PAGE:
for ( size_t n = 0 ; n < word_len ; n++ )
                    result[result_len++] = '*';
                result[result_len] = '\0';
            } else {
                strcat(result,split_sentence[i]);
            }
        }
    If you dance barefoot on the broken glass of undefined behaviour, you've got to expect the occasional cut.
    If at first you don't succeed, try writing your phone number on the exam paper.

  3. #3
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    Salem forgot some parentheses, showing how easy it is to do and the weakness of the malloc interface. Although it happens to make no difference in this particular case, it should be:
    Code:
    char *result = malloc(sizeof(char) * (strlen(message) + 1));
    It makes no difference in this case since sizeof(char) is always 1 by definition. If you were malloc'ing ints (or anything that usually has a sizeof greater than 1), it would make a difference.

    calloc fixes the weak malloc/realloc interfaces by accepting the number of elements and the size of each element as separate parameters so it's not possible to forget the parentheses. This suggests that calloc was added to C after malloc and realloc (and many many forgotten parentheses).
    A long time ago being crazy meant something. - Charles Manson

  4. #4
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    The output seems to spit out random characters at the beginning of the new sentence.

    Sentence input: The quick brown fox jumps jump-suit over the lazy dog;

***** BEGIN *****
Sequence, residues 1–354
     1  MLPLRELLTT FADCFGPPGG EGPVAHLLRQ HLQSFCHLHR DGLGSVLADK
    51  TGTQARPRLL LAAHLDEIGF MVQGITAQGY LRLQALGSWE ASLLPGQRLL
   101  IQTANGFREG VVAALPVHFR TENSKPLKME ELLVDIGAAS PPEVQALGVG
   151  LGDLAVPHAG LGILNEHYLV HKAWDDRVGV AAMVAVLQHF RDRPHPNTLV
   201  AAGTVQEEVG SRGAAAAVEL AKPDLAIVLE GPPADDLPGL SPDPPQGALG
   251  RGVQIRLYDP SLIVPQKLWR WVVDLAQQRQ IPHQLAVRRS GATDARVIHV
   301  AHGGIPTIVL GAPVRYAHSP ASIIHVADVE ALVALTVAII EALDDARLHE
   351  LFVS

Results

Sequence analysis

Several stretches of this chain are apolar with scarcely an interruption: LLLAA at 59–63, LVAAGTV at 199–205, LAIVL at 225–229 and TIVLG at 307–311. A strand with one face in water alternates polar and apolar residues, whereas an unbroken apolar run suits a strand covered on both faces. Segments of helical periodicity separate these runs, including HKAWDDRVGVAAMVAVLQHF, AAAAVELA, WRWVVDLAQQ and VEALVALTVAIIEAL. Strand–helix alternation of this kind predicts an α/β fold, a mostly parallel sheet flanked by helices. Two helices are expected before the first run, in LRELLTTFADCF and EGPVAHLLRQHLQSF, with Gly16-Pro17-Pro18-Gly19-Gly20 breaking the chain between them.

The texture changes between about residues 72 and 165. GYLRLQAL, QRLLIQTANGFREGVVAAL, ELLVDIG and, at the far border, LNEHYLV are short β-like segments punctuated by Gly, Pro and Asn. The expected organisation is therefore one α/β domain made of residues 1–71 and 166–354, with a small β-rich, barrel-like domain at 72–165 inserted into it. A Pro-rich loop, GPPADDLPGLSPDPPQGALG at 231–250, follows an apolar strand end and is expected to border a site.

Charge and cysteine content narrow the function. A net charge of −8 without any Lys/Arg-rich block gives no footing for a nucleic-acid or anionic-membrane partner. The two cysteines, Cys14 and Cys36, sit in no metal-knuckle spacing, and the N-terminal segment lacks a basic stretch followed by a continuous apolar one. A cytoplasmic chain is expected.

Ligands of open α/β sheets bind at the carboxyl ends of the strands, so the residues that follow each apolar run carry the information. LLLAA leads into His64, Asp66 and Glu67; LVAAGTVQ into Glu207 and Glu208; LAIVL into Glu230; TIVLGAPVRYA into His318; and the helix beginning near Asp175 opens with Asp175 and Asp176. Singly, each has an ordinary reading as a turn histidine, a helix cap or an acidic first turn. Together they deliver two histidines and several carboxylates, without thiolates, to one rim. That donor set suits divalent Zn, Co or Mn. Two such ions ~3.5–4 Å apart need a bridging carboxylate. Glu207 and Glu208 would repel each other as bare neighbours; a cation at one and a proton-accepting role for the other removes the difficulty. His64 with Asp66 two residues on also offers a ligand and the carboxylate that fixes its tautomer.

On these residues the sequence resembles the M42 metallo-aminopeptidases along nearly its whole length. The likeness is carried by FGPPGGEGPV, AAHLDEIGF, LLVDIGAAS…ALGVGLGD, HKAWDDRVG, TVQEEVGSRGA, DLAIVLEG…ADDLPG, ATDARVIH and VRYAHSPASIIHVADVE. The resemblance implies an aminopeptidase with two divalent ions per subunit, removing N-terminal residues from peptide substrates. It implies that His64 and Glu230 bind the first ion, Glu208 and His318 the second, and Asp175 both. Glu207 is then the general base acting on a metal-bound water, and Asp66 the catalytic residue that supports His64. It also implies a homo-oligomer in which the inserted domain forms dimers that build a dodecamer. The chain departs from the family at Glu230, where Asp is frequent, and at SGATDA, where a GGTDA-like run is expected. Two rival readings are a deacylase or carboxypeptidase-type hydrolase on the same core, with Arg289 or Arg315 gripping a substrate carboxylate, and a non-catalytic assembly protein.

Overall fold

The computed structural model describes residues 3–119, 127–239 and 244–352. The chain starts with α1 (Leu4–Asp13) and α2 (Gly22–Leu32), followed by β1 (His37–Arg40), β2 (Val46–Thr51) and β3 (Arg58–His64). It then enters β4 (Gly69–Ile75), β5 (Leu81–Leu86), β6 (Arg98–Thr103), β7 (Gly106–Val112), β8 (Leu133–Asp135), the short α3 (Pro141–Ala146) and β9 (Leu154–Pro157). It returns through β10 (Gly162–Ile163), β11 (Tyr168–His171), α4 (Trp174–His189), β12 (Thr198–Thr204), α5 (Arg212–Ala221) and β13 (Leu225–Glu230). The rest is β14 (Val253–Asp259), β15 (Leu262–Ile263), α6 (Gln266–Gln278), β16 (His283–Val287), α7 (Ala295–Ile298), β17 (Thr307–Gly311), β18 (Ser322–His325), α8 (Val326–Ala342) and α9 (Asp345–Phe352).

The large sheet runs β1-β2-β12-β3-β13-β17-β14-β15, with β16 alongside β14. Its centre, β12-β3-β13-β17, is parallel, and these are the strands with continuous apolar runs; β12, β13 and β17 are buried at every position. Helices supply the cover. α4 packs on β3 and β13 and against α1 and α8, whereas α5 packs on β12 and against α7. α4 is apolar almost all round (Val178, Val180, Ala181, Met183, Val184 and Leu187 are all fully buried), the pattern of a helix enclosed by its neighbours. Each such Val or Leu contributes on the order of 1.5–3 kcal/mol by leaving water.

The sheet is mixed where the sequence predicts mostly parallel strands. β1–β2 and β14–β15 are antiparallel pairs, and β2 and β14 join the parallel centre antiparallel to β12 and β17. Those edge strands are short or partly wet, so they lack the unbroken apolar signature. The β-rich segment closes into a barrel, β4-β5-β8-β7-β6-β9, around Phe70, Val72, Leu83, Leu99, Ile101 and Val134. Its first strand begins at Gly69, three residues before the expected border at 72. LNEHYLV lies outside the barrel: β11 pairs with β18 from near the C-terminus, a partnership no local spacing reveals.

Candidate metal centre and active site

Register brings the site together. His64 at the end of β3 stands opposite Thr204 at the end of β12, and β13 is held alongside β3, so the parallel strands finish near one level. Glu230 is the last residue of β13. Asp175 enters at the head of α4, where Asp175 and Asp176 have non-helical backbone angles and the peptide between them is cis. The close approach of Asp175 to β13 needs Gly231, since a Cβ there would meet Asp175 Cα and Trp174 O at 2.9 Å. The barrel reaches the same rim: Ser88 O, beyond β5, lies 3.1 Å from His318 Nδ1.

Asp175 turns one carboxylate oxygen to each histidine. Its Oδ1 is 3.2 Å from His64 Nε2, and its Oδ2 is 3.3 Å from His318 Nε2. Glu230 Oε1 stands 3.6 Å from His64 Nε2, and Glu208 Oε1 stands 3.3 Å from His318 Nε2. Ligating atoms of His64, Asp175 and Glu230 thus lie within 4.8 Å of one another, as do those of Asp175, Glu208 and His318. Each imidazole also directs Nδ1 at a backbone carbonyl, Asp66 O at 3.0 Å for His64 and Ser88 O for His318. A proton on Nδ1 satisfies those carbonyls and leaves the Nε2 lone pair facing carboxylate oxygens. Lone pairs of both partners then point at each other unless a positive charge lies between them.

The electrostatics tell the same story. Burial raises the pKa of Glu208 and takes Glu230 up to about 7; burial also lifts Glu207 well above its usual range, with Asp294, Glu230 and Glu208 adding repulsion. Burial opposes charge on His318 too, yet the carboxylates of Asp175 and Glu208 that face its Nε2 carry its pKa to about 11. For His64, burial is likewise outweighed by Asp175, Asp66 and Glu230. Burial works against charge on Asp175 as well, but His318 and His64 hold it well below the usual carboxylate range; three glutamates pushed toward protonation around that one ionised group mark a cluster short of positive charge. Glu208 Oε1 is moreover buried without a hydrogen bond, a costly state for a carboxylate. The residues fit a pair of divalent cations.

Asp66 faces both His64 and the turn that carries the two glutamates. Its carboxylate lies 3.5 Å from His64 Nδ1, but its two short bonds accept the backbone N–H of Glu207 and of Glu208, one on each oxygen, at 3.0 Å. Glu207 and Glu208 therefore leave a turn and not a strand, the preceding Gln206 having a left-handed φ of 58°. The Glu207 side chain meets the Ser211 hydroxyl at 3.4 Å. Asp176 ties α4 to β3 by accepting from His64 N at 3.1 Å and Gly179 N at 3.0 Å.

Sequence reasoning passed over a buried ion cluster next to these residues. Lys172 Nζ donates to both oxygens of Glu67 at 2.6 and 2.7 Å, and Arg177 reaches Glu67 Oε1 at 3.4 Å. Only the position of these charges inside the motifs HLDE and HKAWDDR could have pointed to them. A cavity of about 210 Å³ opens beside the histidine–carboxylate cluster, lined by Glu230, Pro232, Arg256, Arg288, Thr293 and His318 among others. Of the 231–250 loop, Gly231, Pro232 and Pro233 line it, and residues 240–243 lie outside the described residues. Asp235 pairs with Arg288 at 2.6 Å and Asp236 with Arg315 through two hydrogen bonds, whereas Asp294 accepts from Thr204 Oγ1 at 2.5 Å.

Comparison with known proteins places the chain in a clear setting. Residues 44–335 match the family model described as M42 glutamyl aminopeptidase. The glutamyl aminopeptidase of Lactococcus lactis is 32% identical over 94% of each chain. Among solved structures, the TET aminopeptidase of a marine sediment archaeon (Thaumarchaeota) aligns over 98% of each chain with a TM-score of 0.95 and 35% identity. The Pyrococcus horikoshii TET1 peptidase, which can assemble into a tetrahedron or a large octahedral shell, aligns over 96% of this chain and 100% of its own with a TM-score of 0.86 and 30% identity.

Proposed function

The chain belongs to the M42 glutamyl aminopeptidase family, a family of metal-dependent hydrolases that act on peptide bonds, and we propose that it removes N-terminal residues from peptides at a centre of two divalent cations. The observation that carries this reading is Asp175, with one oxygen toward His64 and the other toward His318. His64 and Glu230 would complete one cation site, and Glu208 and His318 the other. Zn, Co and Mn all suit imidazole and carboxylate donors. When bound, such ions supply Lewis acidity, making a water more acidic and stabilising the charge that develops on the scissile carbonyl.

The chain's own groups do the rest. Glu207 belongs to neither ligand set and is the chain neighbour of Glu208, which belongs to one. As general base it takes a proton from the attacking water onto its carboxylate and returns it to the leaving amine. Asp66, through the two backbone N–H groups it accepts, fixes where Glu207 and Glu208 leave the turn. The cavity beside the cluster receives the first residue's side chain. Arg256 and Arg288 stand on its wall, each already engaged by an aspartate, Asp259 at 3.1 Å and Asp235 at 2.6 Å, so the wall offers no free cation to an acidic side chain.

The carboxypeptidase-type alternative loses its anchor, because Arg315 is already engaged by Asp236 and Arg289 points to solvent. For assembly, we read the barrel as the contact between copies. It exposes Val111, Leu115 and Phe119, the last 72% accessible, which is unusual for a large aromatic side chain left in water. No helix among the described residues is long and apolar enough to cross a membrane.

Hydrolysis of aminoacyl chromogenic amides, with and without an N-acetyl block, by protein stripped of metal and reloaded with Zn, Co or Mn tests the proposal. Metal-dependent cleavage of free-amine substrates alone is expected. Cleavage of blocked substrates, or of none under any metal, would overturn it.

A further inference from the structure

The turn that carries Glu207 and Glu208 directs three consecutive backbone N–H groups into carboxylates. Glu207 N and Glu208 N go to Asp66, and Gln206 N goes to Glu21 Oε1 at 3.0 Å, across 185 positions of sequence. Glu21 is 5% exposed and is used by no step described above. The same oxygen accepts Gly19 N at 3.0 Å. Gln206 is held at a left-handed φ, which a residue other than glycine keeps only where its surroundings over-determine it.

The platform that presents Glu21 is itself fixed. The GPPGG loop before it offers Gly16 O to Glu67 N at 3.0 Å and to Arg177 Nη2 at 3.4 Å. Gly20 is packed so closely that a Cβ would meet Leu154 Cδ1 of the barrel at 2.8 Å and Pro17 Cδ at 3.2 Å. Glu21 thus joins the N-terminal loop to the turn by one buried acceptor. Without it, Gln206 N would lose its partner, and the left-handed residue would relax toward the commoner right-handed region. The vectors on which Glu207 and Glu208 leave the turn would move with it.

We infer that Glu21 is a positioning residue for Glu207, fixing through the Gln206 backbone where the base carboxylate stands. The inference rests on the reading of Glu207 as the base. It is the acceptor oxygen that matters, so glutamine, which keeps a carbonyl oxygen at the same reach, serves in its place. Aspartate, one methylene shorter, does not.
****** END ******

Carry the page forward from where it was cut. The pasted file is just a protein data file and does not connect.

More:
Words to be censored: the,lazy,jumps;
    Output: @iÓ***quickbrownfox*****jump-suitover*******dog.

    The censoring works pretty great. I assume the random characters is a result of the memory being allocated not being filled since the strlen(message)=53(spaces being count) and I found the strlen(result)=47. How can I add spaces between each word to perhaps compensate for the extra memory that was allocated. (I am new to dynamic allocation of memory so that is my best guess).

  5. #5
    and the hat of int overfl Salem's Avatar
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    Garbage at the start of the string is a sign that you're not initialising your dynamically allocated string properly.

    See my example.
    If you dance barefoot on the broken glass of undefined behaviour, you've got to expect the occasional cut.
    If at first you don't succeed, try writing your phone number on the exam paper.

  6. #6
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    What about the spacing between words?
    And what do you do with punctuation?
    I assume if the input sentence is:

    Here is a dirty sentence using rotten words, a sentence with dirty punctuation.

    And the word list is:

    dirty
    rotten

    Then the output should be:

    Here is a ***** sentence using ****** words, a sentence with ***** punctuation.
    A long time ago being crazy meant something. - Charles Manson